What rxOS is and what it isn’t

This section is intended for people who have some familiarity with the Linux operating system. If you are not familiar with Linux, you may have some trouble following along, but the information found in this section is not essential for using an rxOS-based device so feel free to skip it.

Probably the most important thing to note is that rxOS is not a Linux distribution. This means that, among other things:

  • it has no writable root filesystem
  • it has no packages or package manager
  • it has no build tools
  • it has no system administration tools

Read-only root filesystem

From time to time, we are asked about customizing the rxOS-based receivers. While some of the configuration persists across reboots, one should not expect to permanently modify the system outside of the short list of persistent files.

No packages

The rxOS image is built as a unit. It is one monolithic system and there is no notion of packages (nor there ever will be). There are sets of add-on files that are added on top of the image via the root filesystem overlays (see Root filesystem overlays for an in-depth treatment of the subject), but those are not packages that you install with package managers such as apt and pacman.

No build tools

As mentioned under the previous heading, rxOS is built as a unit. It is built on a standard Intel PC and then flashed to a device. Because of this there are no build tools on the device. Adding your own programs to the image is done by rebuilding the image the same way it was originally built (a short guide on that topic can be found in the Building and customizing the image chapter).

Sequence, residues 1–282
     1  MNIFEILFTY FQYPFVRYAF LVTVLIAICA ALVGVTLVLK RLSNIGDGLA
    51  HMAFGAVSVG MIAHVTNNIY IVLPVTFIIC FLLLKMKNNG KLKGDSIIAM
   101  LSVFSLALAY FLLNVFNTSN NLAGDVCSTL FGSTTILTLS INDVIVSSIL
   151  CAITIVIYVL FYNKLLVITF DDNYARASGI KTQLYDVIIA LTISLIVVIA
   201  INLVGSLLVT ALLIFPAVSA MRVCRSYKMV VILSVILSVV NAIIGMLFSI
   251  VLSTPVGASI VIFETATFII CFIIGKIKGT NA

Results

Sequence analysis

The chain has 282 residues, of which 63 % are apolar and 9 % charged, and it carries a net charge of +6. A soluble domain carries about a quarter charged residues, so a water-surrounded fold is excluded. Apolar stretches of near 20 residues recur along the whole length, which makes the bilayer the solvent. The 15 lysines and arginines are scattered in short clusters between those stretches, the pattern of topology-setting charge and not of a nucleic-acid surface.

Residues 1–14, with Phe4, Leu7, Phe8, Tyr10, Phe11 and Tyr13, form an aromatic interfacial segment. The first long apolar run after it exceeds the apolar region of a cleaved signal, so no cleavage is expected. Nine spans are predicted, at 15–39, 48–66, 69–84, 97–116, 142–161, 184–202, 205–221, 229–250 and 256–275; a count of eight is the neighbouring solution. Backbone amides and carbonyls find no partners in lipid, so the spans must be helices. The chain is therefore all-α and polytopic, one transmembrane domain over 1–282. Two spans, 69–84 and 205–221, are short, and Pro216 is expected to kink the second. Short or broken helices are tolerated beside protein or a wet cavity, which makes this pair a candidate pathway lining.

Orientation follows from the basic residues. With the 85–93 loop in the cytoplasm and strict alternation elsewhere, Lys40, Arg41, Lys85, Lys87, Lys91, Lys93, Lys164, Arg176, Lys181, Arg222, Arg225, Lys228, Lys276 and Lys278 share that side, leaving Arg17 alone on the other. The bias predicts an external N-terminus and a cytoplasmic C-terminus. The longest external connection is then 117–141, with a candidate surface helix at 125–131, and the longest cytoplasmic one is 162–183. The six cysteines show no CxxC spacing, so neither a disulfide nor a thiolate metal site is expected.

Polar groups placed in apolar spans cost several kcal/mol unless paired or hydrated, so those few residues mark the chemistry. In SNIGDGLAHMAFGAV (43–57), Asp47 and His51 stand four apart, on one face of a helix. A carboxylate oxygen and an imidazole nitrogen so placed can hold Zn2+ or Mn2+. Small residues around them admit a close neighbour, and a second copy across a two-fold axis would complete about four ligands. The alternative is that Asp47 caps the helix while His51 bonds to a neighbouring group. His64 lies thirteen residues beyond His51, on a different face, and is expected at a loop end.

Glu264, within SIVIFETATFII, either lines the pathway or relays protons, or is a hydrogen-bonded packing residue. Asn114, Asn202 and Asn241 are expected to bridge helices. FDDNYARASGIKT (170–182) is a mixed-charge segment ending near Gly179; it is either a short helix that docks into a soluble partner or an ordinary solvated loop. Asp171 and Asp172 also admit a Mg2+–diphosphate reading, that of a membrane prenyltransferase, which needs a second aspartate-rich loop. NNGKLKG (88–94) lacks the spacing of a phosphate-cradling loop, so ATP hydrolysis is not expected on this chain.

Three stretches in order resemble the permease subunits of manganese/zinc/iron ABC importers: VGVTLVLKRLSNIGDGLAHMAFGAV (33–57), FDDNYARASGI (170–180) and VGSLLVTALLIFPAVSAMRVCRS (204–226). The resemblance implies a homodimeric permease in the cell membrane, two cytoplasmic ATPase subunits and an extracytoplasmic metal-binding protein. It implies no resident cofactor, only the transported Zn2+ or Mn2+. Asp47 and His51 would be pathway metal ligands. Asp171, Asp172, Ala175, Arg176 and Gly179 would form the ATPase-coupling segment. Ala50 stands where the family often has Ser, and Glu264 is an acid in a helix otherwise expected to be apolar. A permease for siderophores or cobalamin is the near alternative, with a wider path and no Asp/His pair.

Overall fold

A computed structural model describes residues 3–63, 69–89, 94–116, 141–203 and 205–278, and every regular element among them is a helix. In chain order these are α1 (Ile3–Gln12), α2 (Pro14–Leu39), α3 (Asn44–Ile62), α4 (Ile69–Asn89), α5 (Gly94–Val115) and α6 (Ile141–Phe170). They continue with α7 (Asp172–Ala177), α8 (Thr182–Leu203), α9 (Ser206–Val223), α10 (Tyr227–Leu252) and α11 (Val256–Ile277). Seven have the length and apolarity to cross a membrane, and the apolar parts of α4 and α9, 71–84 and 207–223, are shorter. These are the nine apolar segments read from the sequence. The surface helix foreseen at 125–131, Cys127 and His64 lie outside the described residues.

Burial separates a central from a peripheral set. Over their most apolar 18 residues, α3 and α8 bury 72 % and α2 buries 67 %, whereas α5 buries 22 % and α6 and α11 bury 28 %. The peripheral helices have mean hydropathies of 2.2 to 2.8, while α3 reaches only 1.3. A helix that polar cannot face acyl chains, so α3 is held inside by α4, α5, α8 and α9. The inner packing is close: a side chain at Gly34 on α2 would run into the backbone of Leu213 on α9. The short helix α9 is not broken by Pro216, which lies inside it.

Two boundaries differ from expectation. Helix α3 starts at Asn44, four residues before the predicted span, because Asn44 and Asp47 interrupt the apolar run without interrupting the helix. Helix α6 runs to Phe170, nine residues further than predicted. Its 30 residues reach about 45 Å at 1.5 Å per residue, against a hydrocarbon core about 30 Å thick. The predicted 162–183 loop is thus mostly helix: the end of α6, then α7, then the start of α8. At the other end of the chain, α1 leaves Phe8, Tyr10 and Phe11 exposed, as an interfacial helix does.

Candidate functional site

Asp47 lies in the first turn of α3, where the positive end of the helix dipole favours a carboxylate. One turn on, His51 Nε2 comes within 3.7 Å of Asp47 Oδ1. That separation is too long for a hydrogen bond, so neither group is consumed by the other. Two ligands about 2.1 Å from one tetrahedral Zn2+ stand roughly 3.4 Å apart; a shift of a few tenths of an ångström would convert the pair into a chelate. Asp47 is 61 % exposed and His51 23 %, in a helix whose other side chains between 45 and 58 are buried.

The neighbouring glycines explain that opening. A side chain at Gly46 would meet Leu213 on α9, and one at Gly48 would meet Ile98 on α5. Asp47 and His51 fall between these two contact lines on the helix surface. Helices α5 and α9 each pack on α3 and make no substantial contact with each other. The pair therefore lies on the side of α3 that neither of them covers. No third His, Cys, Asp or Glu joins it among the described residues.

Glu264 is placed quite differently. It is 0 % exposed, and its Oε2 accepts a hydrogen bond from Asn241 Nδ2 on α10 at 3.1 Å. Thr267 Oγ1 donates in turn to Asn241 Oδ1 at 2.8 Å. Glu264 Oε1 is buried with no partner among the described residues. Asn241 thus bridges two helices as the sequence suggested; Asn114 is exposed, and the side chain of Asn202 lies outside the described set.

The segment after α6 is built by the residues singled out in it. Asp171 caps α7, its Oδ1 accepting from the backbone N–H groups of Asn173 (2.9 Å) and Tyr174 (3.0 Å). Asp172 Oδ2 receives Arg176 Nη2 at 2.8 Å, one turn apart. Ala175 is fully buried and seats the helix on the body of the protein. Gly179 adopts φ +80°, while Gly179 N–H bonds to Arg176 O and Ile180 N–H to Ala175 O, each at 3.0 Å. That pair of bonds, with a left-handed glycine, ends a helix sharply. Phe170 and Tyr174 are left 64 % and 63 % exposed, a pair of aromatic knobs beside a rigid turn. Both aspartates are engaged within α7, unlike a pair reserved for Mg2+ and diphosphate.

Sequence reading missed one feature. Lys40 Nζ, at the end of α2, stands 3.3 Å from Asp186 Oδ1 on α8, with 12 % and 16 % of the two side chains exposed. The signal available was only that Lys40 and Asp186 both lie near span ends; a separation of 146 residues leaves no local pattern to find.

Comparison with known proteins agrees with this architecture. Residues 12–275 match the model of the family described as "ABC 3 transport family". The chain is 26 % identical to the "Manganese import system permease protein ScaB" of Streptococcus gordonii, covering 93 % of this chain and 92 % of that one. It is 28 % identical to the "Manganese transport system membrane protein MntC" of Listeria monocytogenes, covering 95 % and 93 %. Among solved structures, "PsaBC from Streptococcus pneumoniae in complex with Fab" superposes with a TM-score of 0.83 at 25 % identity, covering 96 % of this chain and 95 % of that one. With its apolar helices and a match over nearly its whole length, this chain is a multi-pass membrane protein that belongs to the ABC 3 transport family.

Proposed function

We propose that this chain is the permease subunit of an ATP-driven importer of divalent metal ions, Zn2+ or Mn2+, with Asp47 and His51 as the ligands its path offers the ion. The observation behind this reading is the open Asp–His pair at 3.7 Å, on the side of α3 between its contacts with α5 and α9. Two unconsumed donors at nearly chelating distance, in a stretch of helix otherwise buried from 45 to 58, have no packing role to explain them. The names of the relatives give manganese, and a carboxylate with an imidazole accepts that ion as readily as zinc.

No sysadmin tools

Well, this isn’t entirely true. There are some tools for working with the system. What is missing, though, are things that would normally alter the system configuration. E.g., there is no support for changing the init script order and state, there are no system configuration tools, etc. The rxOS system is mainly intended to be left as is as much as possible, and modification to the system are done at built time.

What good is all this?

While all of this may sound a bit limited, it has some advantages when it comes to use on embedded devices.

Writable file systems are susceptible to corruption. If a device is writing during power loss, the filesystem may be left in a state that makes it impossible to boot up.

You can write files to the root filesystem when the system is up and running. This is done by overlaying a fake filesystem in the system memory (RAM) on top of the otherwise read-only root filesystem. If there is a bug in the software, this may sometimes cause the system to exhibit weird behavior. Having a read-only root filesystem allows the user to power-cycle the device and go back to the known good state. Not having packages, build tools, and so on, are design decisions along the same lines: the less modification you can make to the system, the better the chance of being able to get back to the known good state.

Another reason rxOS is quite stripped down is that the image needs to be updated over-the-air (OTA). This puts a restriction on the amount of bandwidth the image can use, so virtually all non-essential items have been stripped out.